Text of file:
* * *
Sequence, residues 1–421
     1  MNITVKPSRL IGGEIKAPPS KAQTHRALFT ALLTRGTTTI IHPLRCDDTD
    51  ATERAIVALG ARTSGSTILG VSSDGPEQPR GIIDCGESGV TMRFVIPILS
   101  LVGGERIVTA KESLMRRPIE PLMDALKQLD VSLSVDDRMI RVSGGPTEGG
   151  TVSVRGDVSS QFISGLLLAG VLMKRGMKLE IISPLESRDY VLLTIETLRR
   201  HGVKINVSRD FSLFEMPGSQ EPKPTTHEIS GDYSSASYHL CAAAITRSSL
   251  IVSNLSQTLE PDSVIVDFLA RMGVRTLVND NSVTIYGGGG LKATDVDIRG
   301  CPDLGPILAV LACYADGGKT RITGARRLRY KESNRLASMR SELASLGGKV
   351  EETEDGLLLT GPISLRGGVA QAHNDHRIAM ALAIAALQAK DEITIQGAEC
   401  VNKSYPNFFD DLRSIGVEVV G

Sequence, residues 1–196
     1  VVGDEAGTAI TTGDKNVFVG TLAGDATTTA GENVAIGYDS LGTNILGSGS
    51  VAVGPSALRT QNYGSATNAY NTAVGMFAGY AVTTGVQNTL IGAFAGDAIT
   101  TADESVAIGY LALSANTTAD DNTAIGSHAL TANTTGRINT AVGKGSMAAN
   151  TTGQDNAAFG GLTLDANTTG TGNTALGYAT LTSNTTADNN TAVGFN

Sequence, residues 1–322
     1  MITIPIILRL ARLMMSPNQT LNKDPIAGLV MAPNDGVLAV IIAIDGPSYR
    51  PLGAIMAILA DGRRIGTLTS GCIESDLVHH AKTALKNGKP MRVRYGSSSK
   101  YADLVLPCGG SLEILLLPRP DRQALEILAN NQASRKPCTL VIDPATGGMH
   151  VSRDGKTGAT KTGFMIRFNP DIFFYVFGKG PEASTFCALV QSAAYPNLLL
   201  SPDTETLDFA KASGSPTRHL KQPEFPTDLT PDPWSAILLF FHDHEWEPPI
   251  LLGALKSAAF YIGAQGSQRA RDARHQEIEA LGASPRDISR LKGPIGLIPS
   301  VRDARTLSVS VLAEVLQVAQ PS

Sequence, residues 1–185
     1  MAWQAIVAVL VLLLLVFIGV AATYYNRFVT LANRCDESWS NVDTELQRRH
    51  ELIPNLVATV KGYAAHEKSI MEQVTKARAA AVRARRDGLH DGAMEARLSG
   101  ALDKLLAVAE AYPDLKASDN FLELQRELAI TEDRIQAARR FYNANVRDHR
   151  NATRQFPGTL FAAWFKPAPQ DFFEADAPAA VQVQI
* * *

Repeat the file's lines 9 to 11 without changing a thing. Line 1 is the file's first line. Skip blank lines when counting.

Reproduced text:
   351  EETEDGLLLT GPISLRGGVA QAHNDHRIAM ALAIAALQAK DEITIQGAEC
   401  VNKSYPNFFD DLRSIGVEVV G

Sequence, residues 1–196